Politico: “Boehner aides would not comment on their discussion, calling it a private talk between members.”
Three years after the fall of former Sen. John Ensign (R-NV), “thousands of pages of previously undisclosed documents reveal new details about the evidence the F.B.I. gathered against Mr. Ensign,” the New York Times reports.
“Although the broad outlines of the case against Mr. Ensign have been made public, the documents disclose for the first time how much Mr. Ensign strong-armed political donors and business associates in 2008 to find lobbying work for Douglas Hampton, a top aide and close friend. Mr. Ensign was seeking the work in an attempt to placate Mr. Hampton because Mr. Ensign had an affair with Mr. Hampton’s wife, Cynthia Hampton, a campaign aide.”
“But the records indicate that the investigation took a sharp turn as prosecutors ultimately decided not to charge Mr. Ensign, even though his colleagues on the Senate Ethics Committee, in a rare step, urged the Justice Department to consider seeking criminal charges.”
“A couple getting married near President Obama’s vacation spot in Hawaii learned the hard way that the big day rarely goes exactly as planned,” the AP reports.
“The bride and groom — both U.S. Army captains — were scheduled to tie the knot Sunday at Kaneohe Klipper Golf Course, a military course with ocean views near Obama’s rented vacation home in Kailua. But on Saturday, they were told they’d have to move their wedding away from the 16th hole because Obama and his friends planned to golf.”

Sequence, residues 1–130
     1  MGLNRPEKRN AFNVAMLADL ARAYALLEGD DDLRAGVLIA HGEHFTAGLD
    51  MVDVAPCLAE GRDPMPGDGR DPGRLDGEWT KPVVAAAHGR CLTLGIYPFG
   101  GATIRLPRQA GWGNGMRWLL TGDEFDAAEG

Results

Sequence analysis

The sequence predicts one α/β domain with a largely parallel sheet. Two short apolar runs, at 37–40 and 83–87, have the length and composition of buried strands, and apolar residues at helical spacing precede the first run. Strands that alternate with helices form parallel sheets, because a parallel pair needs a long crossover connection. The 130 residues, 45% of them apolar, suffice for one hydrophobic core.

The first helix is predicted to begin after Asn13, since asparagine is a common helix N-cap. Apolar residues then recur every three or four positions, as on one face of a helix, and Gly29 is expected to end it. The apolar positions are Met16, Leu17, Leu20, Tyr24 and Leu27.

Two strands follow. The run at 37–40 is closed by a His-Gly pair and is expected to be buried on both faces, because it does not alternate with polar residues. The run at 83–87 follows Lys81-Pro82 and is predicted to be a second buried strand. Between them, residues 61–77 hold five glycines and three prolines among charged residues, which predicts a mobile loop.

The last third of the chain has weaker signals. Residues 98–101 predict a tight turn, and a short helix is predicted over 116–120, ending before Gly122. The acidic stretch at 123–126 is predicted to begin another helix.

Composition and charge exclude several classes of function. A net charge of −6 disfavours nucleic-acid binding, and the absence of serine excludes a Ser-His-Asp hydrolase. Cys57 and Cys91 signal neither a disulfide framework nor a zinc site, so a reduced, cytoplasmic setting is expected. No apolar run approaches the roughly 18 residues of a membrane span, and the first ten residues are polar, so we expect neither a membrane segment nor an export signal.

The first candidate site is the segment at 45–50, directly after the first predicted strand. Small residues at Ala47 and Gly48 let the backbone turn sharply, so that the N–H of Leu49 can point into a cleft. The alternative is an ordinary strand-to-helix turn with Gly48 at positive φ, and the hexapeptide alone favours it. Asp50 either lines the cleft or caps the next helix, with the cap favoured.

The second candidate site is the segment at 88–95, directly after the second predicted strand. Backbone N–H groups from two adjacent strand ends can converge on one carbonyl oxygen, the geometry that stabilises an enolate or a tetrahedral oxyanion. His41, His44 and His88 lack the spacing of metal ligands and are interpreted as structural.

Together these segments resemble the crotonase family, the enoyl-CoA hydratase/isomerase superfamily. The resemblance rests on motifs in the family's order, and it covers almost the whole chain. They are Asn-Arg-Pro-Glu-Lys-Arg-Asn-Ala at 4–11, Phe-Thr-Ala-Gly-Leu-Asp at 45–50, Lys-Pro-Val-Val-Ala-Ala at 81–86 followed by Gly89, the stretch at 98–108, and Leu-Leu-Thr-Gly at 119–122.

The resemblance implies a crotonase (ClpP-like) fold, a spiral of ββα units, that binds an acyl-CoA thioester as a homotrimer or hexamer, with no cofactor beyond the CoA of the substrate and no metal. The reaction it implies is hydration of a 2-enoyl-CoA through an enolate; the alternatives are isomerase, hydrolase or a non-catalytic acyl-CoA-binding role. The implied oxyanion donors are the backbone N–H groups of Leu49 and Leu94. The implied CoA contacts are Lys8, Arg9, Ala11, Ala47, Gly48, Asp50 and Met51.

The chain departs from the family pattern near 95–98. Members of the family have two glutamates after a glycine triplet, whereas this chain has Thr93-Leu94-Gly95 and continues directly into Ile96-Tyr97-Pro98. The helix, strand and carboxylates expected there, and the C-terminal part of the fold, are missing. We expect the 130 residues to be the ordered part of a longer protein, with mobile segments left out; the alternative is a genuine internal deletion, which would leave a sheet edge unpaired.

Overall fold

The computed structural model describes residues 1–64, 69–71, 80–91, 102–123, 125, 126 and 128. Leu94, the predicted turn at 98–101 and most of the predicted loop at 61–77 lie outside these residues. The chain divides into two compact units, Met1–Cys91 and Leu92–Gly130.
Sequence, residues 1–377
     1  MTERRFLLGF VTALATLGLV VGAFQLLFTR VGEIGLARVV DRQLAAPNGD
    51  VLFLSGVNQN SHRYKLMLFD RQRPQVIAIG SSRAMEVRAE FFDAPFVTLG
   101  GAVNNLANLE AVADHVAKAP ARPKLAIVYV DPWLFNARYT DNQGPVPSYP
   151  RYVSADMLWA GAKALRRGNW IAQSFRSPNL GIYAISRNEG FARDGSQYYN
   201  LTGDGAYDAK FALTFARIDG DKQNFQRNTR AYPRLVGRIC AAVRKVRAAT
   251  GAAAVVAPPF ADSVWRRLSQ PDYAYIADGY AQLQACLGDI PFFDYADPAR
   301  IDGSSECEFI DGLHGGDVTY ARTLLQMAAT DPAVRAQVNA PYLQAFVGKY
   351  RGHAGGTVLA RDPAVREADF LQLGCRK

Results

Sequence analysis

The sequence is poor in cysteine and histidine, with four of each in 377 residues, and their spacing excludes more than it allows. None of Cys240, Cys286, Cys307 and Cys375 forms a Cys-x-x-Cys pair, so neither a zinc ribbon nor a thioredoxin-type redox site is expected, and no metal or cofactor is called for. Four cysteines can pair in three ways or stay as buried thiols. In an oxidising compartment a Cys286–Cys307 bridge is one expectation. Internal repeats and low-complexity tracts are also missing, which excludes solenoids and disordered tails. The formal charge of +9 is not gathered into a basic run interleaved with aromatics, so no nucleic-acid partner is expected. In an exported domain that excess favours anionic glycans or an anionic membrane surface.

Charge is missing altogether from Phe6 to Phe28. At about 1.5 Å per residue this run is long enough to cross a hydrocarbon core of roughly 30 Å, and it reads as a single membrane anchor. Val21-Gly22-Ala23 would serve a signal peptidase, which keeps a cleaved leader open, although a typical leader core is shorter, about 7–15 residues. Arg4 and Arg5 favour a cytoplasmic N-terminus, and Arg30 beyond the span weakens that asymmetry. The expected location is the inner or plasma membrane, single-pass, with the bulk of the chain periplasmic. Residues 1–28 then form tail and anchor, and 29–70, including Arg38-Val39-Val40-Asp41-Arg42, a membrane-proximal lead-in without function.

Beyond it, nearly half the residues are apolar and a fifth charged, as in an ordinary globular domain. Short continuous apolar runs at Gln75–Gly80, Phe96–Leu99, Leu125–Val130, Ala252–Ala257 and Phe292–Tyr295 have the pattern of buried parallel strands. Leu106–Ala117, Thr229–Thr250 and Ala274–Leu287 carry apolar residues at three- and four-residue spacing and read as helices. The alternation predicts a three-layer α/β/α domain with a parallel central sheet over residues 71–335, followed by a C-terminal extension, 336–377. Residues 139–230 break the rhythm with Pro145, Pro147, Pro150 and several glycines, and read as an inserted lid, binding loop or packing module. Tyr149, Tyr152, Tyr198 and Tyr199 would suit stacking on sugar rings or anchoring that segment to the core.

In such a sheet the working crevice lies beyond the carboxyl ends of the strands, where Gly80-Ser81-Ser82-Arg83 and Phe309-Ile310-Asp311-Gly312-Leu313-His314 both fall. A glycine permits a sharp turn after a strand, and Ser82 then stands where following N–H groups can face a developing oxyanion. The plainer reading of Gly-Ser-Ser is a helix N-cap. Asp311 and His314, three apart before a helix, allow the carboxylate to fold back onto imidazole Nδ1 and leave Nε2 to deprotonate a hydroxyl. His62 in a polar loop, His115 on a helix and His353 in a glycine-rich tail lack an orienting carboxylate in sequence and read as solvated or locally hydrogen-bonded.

CNN reports Obama called the couple to apologize.
President Obama “knows how to get under Republicans’ skin (in so many ways, but in this case we’re talking about going around Congress to get things done), and he ended 2014 with a bang: A climate deal with China. Executive action on immigration. A move to normalize relations with Cuba,” Bloomberg reports.
“As he makes his New Year’s resolutions, the liberated, second-term, post-midterm president’s list may well include some new maneuvers to enrage the opposition party. Here are five ways he could do it again in 2015.”